My Christmas Tree Ornaments, My Scrapbook
Unpacking Christmas ornaments provided the opportunity to share precious memories from the past
There's been a run on Christmas trees this year. So, fearing scarcity, when Stan called to say he would be driving over in a little while, I asked him if he would mind picking up a Christmas tree along on the way.
"Not exactly my area of expertise. Should I bring my mother's Menorah?" he said, half kidding.
"Sure," I said, not kidding at all.
Stan and I have been together for more than two years now, yet as I waited for him to arrive, I thought about how much we'd already lived before we met, and therefore how much we still don't know about one another.
I'm grateful to have them because they are as much portals as things — ways into moments that never have failed to be evocative.
We never met one another's parents, and his son, Steffen, lives in Denmark. Travel between the two countries isn't exactly brisk, so I still have no idea what father and son look like when they stand shoulder-to-shoulder.
Stan knows my Brooklyn son, Paul, pretty well, As for meeting my Seattle people (my son, Gabe, and his girlfriend), Stan met them when we flew west this summer, and now they'll be coming east.
By the time Stan arrived with a Christmas tree, I had set up the stand and was looking through the ornaments. Except my ornaments are not really ornamental.
Actually my ornaments are an essential part of what I guess is my living scrapbook of sorts — items that prompt me to remember the brightest and most benign moments in my story, my family's story and my friendships.
The Memories Behind My Ornaments
And yet all of them are so incidental and so mundane that if we weren't decorating the tree together, I might never have thought to share them with Stan. I'm grateful to have them because they are as much portals as things — ways into moments that never have failed to be evocative.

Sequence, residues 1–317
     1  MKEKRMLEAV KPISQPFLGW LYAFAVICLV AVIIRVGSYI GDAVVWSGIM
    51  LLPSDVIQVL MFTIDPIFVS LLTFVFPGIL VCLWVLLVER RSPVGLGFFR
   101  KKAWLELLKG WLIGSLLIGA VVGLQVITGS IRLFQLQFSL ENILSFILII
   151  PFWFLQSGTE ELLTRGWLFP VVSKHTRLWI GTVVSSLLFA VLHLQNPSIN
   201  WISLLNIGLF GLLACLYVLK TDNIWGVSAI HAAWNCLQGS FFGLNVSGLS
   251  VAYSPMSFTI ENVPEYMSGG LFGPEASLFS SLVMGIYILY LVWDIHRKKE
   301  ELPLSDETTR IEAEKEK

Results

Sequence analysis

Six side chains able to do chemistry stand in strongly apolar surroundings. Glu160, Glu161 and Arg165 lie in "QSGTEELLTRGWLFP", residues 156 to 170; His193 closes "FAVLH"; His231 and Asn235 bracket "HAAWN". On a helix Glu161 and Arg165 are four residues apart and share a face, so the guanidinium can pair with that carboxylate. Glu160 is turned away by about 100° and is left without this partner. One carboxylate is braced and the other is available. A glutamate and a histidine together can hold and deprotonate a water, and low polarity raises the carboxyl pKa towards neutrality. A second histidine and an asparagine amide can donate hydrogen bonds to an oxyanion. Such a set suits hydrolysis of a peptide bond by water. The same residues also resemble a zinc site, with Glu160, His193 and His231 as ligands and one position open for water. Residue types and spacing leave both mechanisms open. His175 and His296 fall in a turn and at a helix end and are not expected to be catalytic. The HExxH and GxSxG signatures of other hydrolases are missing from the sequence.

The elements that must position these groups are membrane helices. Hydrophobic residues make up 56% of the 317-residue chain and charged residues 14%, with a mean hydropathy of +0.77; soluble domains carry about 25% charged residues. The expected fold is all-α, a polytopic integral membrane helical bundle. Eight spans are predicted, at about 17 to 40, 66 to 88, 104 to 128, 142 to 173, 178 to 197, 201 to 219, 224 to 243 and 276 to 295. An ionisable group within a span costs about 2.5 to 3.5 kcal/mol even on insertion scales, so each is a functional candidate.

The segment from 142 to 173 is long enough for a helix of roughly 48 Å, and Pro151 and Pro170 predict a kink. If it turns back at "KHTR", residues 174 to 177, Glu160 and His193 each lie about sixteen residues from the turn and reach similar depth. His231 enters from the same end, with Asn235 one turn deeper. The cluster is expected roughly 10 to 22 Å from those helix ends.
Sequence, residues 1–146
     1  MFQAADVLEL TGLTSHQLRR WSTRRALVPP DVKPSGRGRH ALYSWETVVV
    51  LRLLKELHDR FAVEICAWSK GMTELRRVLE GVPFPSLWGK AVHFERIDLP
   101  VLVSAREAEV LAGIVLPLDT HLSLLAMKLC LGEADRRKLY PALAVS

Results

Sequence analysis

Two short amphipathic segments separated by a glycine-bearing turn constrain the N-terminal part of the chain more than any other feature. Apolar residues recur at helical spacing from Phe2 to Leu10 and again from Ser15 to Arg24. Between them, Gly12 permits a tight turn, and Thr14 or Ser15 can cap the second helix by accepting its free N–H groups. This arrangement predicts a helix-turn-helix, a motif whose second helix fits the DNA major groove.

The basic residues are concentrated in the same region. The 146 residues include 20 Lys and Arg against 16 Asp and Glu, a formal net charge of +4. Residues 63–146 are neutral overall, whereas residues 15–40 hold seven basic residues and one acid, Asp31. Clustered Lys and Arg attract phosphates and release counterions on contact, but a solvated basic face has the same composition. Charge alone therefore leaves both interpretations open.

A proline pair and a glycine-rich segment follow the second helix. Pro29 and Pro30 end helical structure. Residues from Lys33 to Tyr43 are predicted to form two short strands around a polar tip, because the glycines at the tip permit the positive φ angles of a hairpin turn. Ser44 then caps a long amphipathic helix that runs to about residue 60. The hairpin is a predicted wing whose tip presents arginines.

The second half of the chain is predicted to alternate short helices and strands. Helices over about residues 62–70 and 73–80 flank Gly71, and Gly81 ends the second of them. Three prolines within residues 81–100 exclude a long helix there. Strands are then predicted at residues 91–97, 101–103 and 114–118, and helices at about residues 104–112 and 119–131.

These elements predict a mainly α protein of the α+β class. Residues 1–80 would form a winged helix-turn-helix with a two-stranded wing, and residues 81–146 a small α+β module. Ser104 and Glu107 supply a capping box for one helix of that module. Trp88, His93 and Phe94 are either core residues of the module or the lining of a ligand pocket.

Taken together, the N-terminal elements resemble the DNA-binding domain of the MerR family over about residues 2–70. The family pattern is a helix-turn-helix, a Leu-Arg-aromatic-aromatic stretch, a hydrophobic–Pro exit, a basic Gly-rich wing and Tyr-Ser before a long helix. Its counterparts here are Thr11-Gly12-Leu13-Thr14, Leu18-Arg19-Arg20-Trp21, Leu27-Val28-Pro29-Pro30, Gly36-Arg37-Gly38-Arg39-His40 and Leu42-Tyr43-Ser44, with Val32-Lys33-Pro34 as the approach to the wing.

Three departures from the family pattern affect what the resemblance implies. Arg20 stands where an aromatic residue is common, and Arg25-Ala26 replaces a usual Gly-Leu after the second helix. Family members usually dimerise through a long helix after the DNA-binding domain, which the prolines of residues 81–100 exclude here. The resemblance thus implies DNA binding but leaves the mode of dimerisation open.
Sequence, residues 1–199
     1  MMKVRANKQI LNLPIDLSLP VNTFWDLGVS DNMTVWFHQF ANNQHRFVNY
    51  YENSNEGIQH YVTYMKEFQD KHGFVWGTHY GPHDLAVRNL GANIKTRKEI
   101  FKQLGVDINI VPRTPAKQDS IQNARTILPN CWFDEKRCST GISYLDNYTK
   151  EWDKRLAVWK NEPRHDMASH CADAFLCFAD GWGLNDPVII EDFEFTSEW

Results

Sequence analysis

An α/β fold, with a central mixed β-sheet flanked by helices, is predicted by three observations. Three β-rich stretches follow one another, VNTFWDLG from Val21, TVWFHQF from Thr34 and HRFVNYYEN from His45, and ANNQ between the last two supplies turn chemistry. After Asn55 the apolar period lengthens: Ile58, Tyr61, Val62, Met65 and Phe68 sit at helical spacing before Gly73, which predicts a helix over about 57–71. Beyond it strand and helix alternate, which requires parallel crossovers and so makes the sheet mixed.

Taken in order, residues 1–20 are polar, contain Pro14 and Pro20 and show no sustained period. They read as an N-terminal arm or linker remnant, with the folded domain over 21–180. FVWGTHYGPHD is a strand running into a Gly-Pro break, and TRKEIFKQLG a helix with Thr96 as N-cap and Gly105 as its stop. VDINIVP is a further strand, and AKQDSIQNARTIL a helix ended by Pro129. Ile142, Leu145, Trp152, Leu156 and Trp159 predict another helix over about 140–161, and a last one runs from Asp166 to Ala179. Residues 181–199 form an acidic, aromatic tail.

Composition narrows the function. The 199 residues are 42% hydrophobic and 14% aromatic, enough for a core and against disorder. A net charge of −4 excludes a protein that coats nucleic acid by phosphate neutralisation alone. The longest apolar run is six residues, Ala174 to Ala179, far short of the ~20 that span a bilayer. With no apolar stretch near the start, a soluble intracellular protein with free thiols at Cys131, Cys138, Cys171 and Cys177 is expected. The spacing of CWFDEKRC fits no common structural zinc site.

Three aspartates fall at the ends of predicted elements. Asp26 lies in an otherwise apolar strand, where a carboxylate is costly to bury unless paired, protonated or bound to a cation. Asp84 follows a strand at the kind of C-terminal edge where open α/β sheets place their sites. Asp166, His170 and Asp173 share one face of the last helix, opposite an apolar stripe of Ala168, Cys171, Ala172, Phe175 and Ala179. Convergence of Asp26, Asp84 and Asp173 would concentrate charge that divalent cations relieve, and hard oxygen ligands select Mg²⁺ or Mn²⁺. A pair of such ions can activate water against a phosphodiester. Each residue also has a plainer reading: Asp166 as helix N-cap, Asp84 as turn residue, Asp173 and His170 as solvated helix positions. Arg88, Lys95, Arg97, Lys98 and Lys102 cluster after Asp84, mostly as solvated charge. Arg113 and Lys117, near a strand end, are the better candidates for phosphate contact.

I keep them all in a wooden box that once held three bottles of Italian wine.
"What's this?" said Stan, before I explained, as he opened the box and fished out a wrinkled paper gift tag. "It doesn't look like a Christmas ornament. Should I toss it?"
"No!" I said. The gift tag, I explained, had long ago been attached to the wooden wine box it now lay in, a Christmas gift from my friend, Cynthia, who had done the toast at my wedding in 1978.
It was addressed to me and my husband, the red ink now faded. "Happy Everything!" it said. "Love, Cynthia." It was undated, and even though my husband and I later divorced, every year, year after year, I had hung it on my Christmas tree because it was still part of the family story.
That gift tag was not the oldest ornament, either, I told Stan, picking out a small wax Santa Claus with a hook atop red his stocking cap. It was a memento from my childhood. Santa's legs had somehow melted away, and the paint on one of his blue eyes was gone, making him look like he was winking.
A Wax Santa and A Rocking Horse
Around the edges of that waxen figure, I told Stan, I could still see the corner of my childhood living room, where the tree always stood, the bookshelf to its right, and the carved elephant table my father brought back from North Africa after World War II.
"That elephant table?" said Stan pointing to the one in the foyer.
"Yeah, that one."
Once my first son, Paul, was born, my mother was a regular presence when we decorated the tree. For Paul's first Christmas, she arrived with a rocking horse ornament, imprinted with the year 1982. That year, and every year after that, I explained to Stan, it has been the first ornament to go on the tree.
And so it has gone, with even the absent ornaments telling a story. Every year of my sons' childhoods, we would get a new ornament from a street vendor — one imprinted with the year, with either "Paul" or "Gabe" painted on it.
One year when Gabe was an adolescent, all the "Gabe" ornaments suddenly went missing. No one — and I wasn't going to mention any names here, I warned Stan - -has ever admitted anything, but it was always my surmise that the last thing an adolescent boy wanted were a dozen sentimental reminders of his childhood publicly festooned on a Christmas tree by his mother.
By the time we plugged in the Christmas tree lights, I had shared with Stan stories I might otherwise never have mentioned.
By the time we plugged in the Christmas tree lights, I had shared with Stan stories I might otherwise never have mentioned. In fact, these were experiences I had never really said aloud to anyone because I hadn't before felt the need or desire to.
Stan isn't sentimental (he hadn't brought his mother's Menorah which didn't surprise me), but sentiment moves him, and I could see it in his eyes. And he, too, had stories to tell about his mother's potato latkes.
The Christmas tree vendor near where I buy groceries told me today that Christmas tree sales are still brisk, for trees large and small. And why not? We welcome brightness -- the Christmas tree lights or Menorah candles -- in our homes and the light of memories we can always find our way to.